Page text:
Name one music video that inspired you that get involved in making music videos?
It has to be Coldplay - Up&Up. Beautifully surreal. It was such a huge inspiration for me. So imaginative and a statement to unstoppable creativity. What I really loved is how a whole world was created without any limitations and I guess this is why I’ve become passionate about using post production in my work. I watched the behind-the-scenes and it was really inspiring. Directing is my playground and working with CGI means there are no restrictions to my imagination.
What's the most surprising, or least predictable thing, that's happened to you during quarantine?
Well, perhaps the most surprising thing is how the question: 'How are you?' has changed in meaning. It now holds a completely different weight, it isn’t just an informal question.
When people ask you that now, you really want to answer truthfully. And when you ask it back, you are not just being polite - you genuinely want to know. You want to talk, call, have long deep conversations. This was definitely unexpected. As cheesy as that sounds, being so far away from each other somehow has brought us closer than before.
What's the favourite part of your daily routine?
It has to be cooking breakfast with my son Sam! He just sits in his chair and looks at me. Usually I have music on and will sing along to it, using a baguette as a microphone throwing it in the air. He’s probably the only person who has ever heard me sing! He smiles and makes me feel like a star. We just have a lot of fun together.
I used to go out a lot, plenty of social gatherings... things that maybe I didn’t really need.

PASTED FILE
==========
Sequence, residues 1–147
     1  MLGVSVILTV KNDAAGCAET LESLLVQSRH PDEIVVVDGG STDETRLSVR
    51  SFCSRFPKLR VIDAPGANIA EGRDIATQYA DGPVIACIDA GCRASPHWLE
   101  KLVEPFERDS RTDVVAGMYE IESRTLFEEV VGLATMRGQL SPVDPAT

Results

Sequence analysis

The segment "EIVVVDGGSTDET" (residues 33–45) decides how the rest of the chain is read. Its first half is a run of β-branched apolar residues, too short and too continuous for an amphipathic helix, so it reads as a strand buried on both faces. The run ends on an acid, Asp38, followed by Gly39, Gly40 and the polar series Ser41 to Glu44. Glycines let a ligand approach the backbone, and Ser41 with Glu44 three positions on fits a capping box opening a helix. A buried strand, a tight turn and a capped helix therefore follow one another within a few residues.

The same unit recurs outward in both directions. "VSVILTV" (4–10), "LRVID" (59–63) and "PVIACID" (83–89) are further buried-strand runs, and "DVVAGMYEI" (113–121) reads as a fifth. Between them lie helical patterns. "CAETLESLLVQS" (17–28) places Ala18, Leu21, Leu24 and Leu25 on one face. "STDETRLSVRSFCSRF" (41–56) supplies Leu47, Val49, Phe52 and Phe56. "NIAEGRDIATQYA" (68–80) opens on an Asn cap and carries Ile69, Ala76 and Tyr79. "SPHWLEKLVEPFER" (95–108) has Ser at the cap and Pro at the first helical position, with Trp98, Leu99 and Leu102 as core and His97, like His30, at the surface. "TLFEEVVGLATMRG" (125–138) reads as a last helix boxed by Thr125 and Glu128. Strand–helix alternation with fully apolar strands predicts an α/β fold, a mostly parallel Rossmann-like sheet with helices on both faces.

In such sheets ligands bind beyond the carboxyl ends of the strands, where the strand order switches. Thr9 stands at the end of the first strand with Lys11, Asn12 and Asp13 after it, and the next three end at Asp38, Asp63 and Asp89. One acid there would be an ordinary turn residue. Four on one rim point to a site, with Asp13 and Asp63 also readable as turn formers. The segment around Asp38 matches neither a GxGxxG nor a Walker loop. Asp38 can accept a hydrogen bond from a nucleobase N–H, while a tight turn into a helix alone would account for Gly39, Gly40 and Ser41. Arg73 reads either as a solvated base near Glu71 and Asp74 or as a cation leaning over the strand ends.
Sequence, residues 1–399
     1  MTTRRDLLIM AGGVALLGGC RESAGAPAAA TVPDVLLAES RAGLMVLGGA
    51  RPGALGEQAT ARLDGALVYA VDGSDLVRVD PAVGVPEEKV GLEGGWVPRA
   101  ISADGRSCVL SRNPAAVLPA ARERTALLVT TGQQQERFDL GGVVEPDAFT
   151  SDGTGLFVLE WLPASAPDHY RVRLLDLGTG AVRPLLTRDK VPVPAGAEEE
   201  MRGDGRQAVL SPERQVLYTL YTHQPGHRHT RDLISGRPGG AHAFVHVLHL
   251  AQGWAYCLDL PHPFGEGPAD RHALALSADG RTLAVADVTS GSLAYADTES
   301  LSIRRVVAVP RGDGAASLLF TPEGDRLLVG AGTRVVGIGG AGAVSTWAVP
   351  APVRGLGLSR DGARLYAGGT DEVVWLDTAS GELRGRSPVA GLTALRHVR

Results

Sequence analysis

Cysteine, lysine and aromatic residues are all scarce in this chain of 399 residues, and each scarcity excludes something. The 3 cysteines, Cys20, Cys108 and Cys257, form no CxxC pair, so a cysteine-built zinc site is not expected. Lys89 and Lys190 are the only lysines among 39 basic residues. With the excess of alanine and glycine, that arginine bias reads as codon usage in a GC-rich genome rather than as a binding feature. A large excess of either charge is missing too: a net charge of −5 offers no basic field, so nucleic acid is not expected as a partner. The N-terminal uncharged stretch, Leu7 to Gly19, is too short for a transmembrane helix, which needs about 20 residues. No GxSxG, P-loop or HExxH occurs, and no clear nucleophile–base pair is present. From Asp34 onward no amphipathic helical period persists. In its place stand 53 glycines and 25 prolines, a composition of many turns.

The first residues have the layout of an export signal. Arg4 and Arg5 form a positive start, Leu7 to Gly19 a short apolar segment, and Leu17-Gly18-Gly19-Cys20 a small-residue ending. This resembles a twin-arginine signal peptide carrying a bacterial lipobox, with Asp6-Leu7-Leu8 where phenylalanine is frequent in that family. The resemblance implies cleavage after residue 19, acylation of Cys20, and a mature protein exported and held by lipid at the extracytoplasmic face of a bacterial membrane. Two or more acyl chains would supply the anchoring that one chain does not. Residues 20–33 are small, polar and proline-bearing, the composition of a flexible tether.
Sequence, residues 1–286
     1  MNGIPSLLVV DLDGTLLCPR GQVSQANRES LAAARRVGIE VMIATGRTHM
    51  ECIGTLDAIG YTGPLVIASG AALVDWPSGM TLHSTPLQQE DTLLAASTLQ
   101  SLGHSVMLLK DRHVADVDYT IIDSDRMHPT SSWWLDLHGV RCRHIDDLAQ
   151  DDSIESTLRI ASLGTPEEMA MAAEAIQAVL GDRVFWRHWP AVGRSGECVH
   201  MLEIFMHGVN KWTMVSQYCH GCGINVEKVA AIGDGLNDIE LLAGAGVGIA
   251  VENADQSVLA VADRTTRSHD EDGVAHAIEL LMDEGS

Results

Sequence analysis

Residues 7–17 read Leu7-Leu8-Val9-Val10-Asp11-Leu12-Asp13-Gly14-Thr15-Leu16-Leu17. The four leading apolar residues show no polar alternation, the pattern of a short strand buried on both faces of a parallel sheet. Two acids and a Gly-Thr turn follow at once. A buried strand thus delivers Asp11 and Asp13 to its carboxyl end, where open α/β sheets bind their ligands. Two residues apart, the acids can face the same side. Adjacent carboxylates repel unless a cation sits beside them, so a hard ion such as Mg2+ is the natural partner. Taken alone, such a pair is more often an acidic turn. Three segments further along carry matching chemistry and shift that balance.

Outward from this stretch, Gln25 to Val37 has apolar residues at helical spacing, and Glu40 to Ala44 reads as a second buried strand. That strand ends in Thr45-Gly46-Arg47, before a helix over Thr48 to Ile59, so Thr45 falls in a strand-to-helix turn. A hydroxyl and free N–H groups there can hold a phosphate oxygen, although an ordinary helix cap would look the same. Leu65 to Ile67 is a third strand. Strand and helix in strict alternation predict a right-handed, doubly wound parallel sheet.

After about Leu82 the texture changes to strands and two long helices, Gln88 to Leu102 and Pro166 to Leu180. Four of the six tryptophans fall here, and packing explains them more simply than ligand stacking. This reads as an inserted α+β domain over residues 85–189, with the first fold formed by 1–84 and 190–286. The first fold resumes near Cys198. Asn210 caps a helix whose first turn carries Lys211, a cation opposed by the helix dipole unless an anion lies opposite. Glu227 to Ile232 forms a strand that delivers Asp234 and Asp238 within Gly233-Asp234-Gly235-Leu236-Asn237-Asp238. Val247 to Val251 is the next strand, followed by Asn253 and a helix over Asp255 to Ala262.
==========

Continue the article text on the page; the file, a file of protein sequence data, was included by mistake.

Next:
Are things getting harder/better/staying the same?
Things aren’t getting easier, but I’m finding ways to adapt and experiment with new ideas. For example with my online academy I'm trying out a large free online gathering for 2-3,000 creatives. Probably one of the biggest online experiments I can think of. All they have to do is register online and they will be randomly put into teams of five. They would then get a creative brief on how our relationships and societies are changing due to the lockdown, with two days to put together a presentation for a creative project. There will be a lot of people from different backgrounds (choreographers, photographers, 3D artists, etc) so I’m really curious to see what they will come up with.
What have you been watching, and your favourite music videos by other people in the past year?
Let me introduce you to some Russian talent that I’m particularly fond of:
Husky & Black Cumin Seed Oil - Kill Me (Director: Lado Quatania)
Synecdoche Montauk - Wherever You Are (Director: Oleg Trofim)
Manizha - Mama (Director: Lado Kvataniya)
What have you learned about yourself during quarantine?
One thing I’ve realised is that I’ve been a bit spoiled. What I mean by that is before, especially thanks to the online academy, I was able to easily invest money into my personal creative projects. Now I’m just not in the position to do that. I’ve also started re-evaluating how I invested my time. I used to go out a lot, plenty of social gatherings, live music, art exhibitions and restaurants. Now it seems so artificial; things that maybe I didn’t really need.
How's your Work/Life balance at the moment?
Well, because of Sam I’m thankfully able to maintain a fairly consistent routine. He has no idea about what’s going on - he’s six months old) and couldn’t care less about what a lockdown is! It’s good, it allows me to stay focused which I know is challenging in a situation like this. Before the lockdown I felt that having a baby while still focusing on my career made things harder for myself. Now, I’m very grateful for my son. It’s just so encouraging to see this happy little human smiling at me. It just completely lifts the mood.
• Anna Radchenko is represented for music videos and commercials by Kode Media. Watch her showreel here.